Why Vanity Metrics Kill Content Marketing

The three questions to show if your content is creating meaningful experiences

Investing in content marketing – everything from content creation to social media promotion – isn’t a faucet of revenue be turned on in an instant. It’s a process where the vanity metrics we all love to hang our hat on, like followers and shares, aren’t important if they don’t create outstanding customer experiences. When you’re talking to the head-honcho at your organization, avoid the vanity metrics and be knowledgeable about these three questions:

  1. Is content marketing reducing cost of acquisition?

What would it mean to your company if you could reduce the amount of time your salespeople spend on the phone because your customer is more knowledgeable? What if you had more people contacting you because you are the thought-leader in your space? To state it plainly, you would spend significantly fewer resources trying to connect with potential customers if you had an effective content marketing platform in place.

Some organizations, like agencies or Saas providers may find this super helpful because the cost to acquire new customers is relatively high, but once they’ve tried your product or service, there is low churn rate. This is a large part of why you will find so many articles on how to choose a marketing agency written by agencies for their potential clients, like this one, at the top of my Google search. You will never know about content marketing’s effect on the cost of acquisition if you don’t know where it’s at without content marketing in the first place. Once you get that under control, come back here and measure how your content marketing is affected by it.

Metrics showing reduced cost-of-acquisition:

  • Number of new inbound leads
  • Main channels driving new visitors
  • Conversion rate of new website visitors into customers

Metrics that don’t show reduced cost-of-acquisition

  • Facebook likes
  • Website visits
  • Content reach
  1. Is content marketing helping retain customers?

Do you know your lifetime value of your customer? Is it more important for you to retain a customer or to get new ones? Do you have multiple opportunities to upsell to clients? It’s often the case that customer retention is a better way to use content marketing to increase your bottom line. Some studies show it’s 5-6 times more expensive to get more customers than it is to retain great ones. Content marketing can become your most valuable asset if you use it to keep customers coming back, time and time again.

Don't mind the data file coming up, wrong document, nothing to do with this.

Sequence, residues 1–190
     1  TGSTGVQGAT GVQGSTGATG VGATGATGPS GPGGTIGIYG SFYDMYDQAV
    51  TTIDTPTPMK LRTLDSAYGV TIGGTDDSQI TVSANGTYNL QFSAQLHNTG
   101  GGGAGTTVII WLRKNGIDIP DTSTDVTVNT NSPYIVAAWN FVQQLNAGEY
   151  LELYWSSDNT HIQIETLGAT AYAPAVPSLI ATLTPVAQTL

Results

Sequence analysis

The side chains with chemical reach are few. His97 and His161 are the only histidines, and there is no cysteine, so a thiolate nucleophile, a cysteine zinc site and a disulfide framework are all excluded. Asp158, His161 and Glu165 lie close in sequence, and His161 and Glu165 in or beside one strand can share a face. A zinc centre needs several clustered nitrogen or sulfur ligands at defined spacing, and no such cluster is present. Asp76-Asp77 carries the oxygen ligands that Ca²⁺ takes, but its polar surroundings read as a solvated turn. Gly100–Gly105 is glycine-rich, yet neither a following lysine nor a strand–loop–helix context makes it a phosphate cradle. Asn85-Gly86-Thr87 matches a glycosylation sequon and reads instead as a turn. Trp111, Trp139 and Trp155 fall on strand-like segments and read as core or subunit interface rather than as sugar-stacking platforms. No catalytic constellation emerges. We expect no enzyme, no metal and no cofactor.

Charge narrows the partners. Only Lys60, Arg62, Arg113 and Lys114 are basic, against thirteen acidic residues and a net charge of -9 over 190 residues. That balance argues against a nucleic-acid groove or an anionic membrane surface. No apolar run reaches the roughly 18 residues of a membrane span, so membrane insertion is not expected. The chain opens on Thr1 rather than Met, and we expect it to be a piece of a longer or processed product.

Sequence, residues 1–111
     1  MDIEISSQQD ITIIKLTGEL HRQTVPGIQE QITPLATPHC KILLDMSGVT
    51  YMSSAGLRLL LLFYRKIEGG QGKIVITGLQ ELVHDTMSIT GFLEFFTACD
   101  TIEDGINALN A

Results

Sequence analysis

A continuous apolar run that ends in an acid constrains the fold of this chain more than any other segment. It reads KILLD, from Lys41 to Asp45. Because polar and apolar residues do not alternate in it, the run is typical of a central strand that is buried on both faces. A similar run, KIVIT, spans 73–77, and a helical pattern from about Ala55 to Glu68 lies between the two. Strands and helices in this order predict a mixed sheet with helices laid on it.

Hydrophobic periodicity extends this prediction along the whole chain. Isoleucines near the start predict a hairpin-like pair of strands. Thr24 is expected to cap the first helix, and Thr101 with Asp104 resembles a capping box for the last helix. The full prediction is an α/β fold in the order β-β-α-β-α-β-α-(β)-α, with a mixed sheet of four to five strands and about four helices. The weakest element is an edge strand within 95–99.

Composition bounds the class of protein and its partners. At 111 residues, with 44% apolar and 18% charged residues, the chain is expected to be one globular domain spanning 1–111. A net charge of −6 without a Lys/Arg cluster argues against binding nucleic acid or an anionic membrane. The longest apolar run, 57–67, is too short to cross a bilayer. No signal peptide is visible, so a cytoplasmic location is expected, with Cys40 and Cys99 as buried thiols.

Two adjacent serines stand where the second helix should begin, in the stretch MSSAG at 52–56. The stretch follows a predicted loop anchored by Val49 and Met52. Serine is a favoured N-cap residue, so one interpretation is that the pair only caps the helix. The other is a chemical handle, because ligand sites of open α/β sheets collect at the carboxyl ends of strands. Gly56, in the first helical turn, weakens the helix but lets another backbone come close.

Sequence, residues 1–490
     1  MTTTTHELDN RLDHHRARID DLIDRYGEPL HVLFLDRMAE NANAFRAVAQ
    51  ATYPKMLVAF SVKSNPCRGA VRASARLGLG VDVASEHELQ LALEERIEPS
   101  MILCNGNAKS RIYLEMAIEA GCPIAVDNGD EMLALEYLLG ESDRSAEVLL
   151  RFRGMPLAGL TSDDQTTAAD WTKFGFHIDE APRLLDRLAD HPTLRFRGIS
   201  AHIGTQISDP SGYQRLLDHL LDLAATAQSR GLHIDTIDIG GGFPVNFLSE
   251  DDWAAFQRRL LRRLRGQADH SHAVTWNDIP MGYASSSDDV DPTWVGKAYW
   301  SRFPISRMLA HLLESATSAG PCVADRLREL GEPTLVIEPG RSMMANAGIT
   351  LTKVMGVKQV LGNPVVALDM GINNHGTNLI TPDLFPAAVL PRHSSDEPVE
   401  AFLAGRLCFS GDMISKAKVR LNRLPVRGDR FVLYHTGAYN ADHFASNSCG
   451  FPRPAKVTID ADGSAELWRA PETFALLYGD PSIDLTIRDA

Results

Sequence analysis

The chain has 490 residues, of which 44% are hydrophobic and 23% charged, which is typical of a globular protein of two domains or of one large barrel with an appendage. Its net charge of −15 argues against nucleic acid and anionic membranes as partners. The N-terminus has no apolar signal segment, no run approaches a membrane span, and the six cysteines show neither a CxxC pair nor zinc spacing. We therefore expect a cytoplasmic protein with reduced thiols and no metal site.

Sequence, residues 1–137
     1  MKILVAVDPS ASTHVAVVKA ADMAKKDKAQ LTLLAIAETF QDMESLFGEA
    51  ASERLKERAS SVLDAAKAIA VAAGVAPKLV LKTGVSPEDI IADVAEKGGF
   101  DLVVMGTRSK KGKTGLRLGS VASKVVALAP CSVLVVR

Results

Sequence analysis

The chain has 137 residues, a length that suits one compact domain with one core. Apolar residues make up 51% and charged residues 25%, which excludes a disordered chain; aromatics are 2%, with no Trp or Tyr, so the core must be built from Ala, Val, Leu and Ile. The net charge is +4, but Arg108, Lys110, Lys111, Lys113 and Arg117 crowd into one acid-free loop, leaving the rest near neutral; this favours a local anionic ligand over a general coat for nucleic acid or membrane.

A great example of this is in high competition businesses who use social media to create unique tribes and reduce churn by getting their audience involved. It’s clearly observable in the workout supplement world where you have a ton of suppliers and each of them is striving to cut out their own niche for their customers. As a result, you will find many supplement companies offering their own workout plans, meal plans, and technique videos – all great pieces of content marketing that helps their customers and improves loyalty to their brand.

Metrics showing better customer retention:

  • Returning visitors to the blog
  • Social media mentions by customers
  • Increased net-promoter scores

Metrics that don’t show better customer retention

  • Facebook likes
  • Website visits
  • Content reach
  1. Is our content marketing driving sales?

Does your content reach your ideal buyer persona? Do the people who join your audience stay? Does a bigger audience result in better conversion on promotions? Increasing sales is arguably one of the most important business goals for many organizations. If done right, an engaged audience is an incredible way to promote the products or services with much lower promotion cost. If you grow the wrong audience, you end up with a herd of likes or follows and nearly zero conversion when you do get to asking them to take action.

My favorite example of this done wrong is when an dark-mystery author I know decided to create memes to grow their audience. Their thought process, “People share funny memes and follow meme accounts, so why not create memes?”  Of course, they got likes and reached a ton of people, but they built an audience of folks who weren’t anywhere near their ideal buyer persona. When they finally made an ask of their audience to purchase their book on Amazon, the promotion fell on deaf ears. Needless to say, that author is back at the drawing board to figure out a more effective content strategy. Don’t be like this author – build meaningful awareness with your content marketing:

Metrics showing increased sales:

  • Number of substantial comments on blogs
  • Demographics/psychographics of your audience
  • Subscriptions to email lists

Metrics that don’t show increased sales:

  • Facebook likes
  • Website visits
  • Content reach


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